My work is partially inspired by a poem by Paul Laurence Dunbar titled "We Wear the Mask." This poem describes the agonies of someone who has worn a mask, their face, that hides their true emotions behind those society mandates they must show.
I was in part inspired by the works of William Kentridge when I made this piece. I really enjoy how he uses words to create an image and how he transforms the usual into the unusual. His pieces transforming skulls into other figures helped me determine how to orient the skull of my piece to properly display its dimension and shape.
I enjoyed making this piece. The entire piece conveys a sense of complexity and balance that I don't think is evident in some of my other works. I also think my process reflects the constantly changing nature of my work. When I originally planned to make this piece I was going to use a cast of my face on the wire skull, but after I cast my face and fired it, I decided it was a wonderful piece by itself instead of when attached to the skull.
My theme for this piece was emotion, and my prompt was direct observation. I wanted to convey the hidden emotions as described in Dunbar's "We Wear the Mask," which embodies the hidden emotions we hide behind our peaceful expressions and boil around inside us. I wanted to convey this rise of calm emotions from a sea of confusion by creating a chaotic base on the wood. Then I built up the hands and skull so that the emerged from the chaos. The face is elegant and I used an array of light delicate colors to emphasize the peacefulness and relaxation that is shown to everyone around us. However the back of the face is black with a face made from aluminum sheets. It is harsh and hidden behind the mask so that no one can see it, as the emotions we hide are often the emotions we struggle with the most are often our deepest darkest, such as fear, sadness, loneliness and doubt.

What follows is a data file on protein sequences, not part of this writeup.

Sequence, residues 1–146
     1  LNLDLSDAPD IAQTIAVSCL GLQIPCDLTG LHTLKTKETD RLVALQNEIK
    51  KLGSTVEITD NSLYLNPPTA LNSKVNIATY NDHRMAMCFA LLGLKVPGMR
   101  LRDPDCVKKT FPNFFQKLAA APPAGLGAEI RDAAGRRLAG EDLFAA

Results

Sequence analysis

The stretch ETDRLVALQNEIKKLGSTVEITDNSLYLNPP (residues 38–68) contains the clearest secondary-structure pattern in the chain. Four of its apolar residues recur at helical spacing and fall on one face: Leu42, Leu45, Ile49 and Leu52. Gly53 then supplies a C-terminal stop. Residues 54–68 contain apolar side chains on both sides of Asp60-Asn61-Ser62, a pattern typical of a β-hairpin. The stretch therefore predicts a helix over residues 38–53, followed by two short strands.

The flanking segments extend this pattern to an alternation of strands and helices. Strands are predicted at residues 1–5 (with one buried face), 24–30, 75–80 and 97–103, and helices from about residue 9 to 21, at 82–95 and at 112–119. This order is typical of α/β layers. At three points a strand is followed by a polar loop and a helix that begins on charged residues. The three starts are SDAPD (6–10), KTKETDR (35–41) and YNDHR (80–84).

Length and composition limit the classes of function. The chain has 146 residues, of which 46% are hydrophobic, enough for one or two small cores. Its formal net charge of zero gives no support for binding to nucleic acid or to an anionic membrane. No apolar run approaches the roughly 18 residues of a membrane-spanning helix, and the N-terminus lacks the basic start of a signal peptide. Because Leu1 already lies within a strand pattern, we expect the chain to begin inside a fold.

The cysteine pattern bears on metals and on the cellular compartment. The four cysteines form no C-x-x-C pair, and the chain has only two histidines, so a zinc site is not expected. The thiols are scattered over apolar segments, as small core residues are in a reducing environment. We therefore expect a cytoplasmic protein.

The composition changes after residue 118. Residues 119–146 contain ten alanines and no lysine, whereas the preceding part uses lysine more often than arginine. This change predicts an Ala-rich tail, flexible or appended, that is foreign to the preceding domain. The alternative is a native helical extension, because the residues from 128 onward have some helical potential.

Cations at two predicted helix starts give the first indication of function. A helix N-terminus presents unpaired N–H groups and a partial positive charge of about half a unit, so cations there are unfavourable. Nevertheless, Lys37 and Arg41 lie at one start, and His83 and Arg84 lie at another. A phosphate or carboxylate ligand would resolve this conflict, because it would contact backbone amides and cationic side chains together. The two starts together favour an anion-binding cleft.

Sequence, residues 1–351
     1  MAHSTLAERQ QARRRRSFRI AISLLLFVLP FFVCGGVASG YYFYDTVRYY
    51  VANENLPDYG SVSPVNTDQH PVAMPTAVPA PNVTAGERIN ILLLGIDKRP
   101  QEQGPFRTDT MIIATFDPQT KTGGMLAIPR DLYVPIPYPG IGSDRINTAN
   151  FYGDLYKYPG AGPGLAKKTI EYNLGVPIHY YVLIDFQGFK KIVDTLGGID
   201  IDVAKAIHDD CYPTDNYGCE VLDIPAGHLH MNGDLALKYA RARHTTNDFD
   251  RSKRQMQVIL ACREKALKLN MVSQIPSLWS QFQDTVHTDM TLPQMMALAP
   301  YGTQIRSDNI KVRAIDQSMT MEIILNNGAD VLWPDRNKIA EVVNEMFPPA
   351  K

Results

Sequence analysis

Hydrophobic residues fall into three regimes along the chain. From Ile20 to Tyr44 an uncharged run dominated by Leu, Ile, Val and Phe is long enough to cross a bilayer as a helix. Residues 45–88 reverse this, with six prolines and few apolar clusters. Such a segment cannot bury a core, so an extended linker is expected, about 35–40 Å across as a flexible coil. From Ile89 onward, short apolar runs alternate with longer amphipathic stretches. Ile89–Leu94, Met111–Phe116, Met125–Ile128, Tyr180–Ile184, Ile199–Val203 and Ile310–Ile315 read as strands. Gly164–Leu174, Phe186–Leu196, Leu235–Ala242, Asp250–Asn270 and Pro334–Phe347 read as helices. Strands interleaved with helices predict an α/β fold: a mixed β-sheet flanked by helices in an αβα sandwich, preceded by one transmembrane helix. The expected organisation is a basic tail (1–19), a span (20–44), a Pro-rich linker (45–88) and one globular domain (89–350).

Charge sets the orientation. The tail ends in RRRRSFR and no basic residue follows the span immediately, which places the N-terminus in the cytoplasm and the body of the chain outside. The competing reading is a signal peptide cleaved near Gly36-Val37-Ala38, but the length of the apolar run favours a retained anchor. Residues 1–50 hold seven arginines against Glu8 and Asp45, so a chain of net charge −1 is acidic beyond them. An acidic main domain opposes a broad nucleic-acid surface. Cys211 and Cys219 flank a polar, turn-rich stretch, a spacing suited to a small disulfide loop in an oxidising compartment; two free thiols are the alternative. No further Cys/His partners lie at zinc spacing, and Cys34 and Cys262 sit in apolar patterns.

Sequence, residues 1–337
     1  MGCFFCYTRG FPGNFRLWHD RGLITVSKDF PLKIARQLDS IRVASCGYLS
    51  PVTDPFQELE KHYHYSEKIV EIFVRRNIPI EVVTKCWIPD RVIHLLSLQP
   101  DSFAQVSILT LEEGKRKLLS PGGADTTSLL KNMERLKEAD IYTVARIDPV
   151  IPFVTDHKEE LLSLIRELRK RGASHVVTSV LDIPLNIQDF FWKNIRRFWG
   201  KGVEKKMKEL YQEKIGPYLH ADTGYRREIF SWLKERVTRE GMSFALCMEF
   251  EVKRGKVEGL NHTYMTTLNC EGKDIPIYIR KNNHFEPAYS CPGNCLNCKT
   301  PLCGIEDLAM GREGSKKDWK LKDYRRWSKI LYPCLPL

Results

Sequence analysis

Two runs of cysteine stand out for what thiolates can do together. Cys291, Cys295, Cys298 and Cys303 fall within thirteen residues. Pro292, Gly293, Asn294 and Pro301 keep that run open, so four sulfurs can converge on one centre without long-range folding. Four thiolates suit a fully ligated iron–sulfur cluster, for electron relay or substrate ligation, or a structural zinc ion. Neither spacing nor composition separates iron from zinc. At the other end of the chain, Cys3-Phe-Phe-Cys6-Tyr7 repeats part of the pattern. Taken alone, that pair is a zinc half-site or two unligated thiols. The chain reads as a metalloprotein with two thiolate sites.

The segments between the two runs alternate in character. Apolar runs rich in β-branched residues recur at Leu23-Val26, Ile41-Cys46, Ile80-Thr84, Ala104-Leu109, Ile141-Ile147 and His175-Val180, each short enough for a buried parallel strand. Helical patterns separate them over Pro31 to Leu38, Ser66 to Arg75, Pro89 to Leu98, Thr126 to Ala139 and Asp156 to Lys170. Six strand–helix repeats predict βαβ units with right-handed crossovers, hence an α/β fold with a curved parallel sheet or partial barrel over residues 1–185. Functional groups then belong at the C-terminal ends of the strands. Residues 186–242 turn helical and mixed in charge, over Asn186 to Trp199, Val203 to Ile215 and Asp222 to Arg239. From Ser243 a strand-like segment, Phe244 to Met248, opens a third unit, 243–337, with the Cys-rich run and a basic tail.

Seas of Stress (Dec. 2016)
Historical Connections and Inspirations
This piece is inspired by a variety of historical artists and styles. The art style I am incorporating into this work is surrealism. Surrealism focuses on dreamlike images with elements of the real and fantasy. I want to incorporate this element as the hair in my painting transforms from hair to the ocean and the shark emerges from the ocean.
My piece is also inspired by Elliot Hundley, an artist from Greensboro, NC. His artwork is made from cut up magazines, string, plastic, gold leaf and pieces left over from former projects. I really like how he incorporates many elements of art into one cohesive piece, and how he forms a single image from all the pieces of artwork.
For more information about Elliot Hundley's works visit: http://www.art21.org/artists/elliott-hundley
Ibis Puppet (Nov. 2016)
Our art class collaborated with Donovan Zimmerman from Paperhand Puppets to create giant puppets for use in a show last November. All the puppets were made from cardboard, newspaper, fabric and wood. Once we made the structure of the puppets we painted them and assembled them into a whole piece. I helped create the ibis for the show. The ibis is responsible for telling Little Lion the story of the fight to end segregation in the United States and the fight to end Apartheid in South Africa.